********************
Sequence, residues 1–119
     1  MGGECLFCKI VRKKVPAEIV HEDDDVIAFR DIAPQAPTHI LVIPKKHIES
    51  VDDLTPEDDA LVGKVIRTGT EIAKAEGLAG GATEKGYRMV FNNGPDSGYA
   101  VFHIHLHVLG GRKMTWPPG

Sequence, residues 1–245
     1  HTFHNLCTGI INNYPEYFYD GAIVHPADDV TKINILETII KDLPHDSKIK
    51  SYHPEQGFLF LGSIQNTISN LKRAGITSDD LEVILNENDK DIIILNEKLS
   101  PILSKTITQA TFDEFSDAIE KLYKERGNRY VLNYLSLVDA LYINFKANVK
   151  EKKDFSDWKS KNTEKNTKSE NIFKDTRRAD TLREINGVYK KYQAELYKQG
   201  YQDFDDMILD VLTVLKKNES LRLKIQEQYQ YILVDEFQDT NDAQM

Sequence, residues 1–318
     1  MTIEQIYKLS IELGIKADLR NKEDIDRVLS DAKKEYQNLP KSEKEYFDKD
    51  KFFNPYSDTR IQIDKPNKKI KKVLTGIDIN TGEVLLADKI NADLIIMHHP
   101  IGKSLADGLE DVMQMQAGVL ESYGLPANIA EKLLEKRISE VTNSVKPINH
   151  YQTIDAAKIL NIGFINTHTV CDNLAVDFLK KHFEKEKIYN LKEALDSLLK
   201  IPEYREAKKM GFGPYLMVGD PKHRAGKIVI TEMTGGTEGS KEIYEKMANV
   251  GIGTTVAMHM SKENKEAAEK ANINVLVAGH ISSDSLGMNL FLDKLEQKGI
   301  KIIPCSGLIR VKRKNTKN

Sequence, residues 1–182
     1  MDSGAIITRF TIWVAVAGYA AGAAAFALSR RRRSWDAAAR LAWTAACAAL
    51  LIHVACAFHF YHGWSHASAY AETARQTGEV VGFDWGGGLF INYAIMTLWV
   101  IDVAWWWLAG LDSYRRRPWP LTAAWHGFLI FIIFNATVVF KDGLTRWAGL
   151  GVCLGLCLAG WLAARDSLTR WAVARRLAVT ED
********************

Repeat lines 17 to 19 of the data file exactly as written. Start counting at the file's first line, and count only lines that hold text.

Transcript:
   251  GIGTTVAMHM SKENKEAAEK ANINVLVAGH ISSDSLGMNL FLDKLEQKGI
   301  KIIPCSGLIR VKRKNTKN

Sequence, residues 1–182